Tha èiginn le suidheachadh nan dotairean teaghlaich, le Murray MacLeòid

Leis an aon dotair air fhàgail ann am Barraigh a-nis a' leigeil dheth a dhreuchd, tha e a’ tarraing aire chun an duilgheadais a tha ann le bhith a’ cumail dotairean teaghlaich anns na sgìrean dùthchail.

Tha ceist a-nis dè bhios ma choinneimh a’ choimhearsnachd.
Tha ceist a-nis dè bhios ma choinneimh a’ choimhearsnachd.

[English-language version below]

Chan eil sinn air cus a chluinntinn mu dheidhinn seo anns an ùine ud, ach tha e ann an cunnart èiginn nach beag a chruthachadh, agus chan eil sinn a’ bruidhinn dha na Barraich a-mhàin nas motha.

Tha an suidheachadh a’ cuairteachadh an Dr Mark Wilcox sònraichte, leis an eas-aonta a th’ air a bhith ann le Bòrd Slàinte nan Eilean Siar mun t-slighe air adhart.

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An-uraidh, leig an Dr Scott McMinn – a bha còmhla ris ann an ionad meidigeach Bharraigh ann am Bagh a’ Chaisteil – dheth a dhreuchd cuideachd (bha e air an aois sin a ruighinn) agus tha sin a-nis a’ ciallachadh nach bi dotair teaghlaich làn ùine air fhàgail air an eilean.

Tha seirbheisean meidigeach taobh a-muigh nan uairean làitheil an urra ris a’ bhòrd-slàinte ach ann am Barraigh, tha iad air sin a chur ann an làmhan nan dotairean ionadail tro chùmhnant.

Ach, tha iadsan air a bhith togail dragh mun t-slighe air adhart agus chan eil càil a' choltais gu bheil am bòrd-slàinte air cus feairt a thoirt dhaibh.

Ged a tha dotairean teaghlaich ag obair air an ceann fhèin, tha uallach air a’ bhòrd deànamh cinnteach gun tig seirbheis choileanta a chumail. Thuirt neach-labhairt gum bi iadsan a-nis a’ gabhail smachd air an ionad mheidigeach gus am faighte air rudeigin a chur air dòigh san ùine fhada.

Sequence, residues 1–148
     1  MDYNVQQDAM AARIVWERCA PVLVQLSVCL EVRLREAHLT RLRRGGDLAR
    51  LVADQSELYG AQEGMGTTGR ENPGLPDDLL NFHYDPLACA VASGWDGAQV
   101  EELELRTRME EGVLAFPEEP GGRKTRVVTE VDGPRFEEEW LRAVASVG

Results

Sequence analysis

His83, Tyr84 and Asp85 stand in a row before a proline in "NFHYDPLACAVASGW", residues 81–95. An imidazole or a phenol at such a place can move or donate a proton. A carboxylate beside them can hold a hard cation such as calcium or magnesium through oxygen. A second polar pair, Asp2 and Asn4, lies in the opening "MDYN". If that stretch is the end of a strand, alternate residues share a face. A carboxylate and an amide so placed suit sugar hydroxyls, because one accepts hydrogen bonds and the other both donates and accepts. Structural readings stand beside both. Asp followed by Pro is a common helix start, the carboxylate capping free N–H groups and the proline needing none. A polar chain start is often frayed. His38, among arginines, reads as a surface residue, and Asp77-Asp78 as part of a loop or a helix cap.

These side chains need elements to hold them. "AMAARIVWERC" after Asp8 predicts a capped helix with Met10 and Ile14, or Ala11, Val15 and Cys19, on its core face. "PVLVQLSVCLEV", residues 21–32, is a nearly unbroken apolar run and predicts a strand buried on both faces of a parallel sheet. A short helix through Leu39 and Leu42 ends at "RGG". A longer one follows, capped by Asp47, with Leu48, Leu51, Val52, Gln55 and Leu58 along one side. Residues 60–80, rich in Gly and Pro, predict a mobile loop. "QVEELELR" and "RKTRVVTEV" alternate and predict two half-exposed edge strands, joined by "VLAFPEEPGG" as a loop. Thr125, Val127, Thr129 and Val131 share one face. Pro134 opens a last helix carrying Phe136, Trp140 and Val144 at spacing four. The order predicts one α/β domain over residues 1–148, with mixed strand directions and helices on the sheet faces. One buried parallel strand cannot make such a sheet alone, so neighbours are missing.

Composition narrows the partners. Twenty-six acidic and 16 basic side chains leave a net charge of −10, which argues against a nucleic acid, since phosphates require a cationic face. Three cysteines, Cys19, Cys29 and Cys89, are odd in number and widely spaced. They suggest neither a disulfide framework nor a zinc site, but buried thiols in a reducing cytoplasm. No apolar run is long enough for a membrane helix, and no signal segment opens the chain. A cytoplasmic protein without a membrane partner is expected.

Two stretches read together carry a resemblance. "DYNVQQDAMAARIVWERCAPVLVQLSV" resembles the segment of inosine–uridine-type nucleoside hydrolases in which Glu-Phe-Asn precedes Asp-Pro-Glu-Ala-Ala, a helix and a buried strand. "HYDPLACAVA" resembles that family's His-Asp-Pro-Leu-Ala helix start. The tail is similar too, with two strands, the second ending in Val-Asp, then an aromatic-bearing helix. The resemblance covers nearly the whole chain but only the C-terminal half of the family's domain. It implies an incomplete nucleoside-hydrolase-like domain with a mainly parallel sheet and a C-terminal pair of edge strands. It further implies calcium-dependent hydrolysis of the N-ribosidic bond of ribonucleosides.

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Tha Murray MacLeòid ag ràdh gu bheil margaidh an fhearainn a-mach à rian

Ach, ri linn mar a tha duilgheadas ann dotairean teaghlaich fhaighinn a dh’obraicheas anns na sgìrean dùthchail san fharsaingeachd, chan eil e idir soilleir am faigh iad air a dhàanamh – fiù ‘s le feadhainn a’ tighinn a dh’obair ann airson greis bheag mar locums – gun luaidh air dithis a bhios deònach an t-ionad a ghabhail a-nall gu tur.

Tha còrr air mìle duine a’ fuireach ann am Barraigh agus bidh na h-àireamhan a’ dol suas gu mòr as t-samhradh ri linn turasachd. Mar sin, chan eil obair a dhìth ann.

’S e fear dhe na duilgheadasan san fharsaingeachd, coltach ri gu leòr eile, ‘s nach eil daoine san là a tha ann ag iarraidh an t-uallach a bharrachd a ghabhail a bhios a’ tighinn ma choinneamh a bhith beò air an iomall.

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Tha na dotairean ùra airson obrachadh anns na bailtean mòra, far a bheil na h-uairean obrach aca nas cinntiche agus far a bheil e nas fhasa tìde dheth a ghabhail.

Agus mar as motha a leanas sin mar a tha e, ‘s ann as duilighe a bhios e a chur ceart. Mar as motha an crìonadh a thig air àireamhan nan dotairean teaghlaich anns na sgìrean dùthchail, ‘s ann buileach as duilighe a bhios e feadhainn eile fhaighinn a thig nan àite.

Tha e soilleir carson a tha seo na dhuilgheadas, ach tha e draghail ann an seagh eile. ‘S e sin, mura eil dotair ri làimh san sgìre, chan eil sin idir tarraingeach dha teaghlaichean òga no dha daoine ùra a thàladh dhan àite.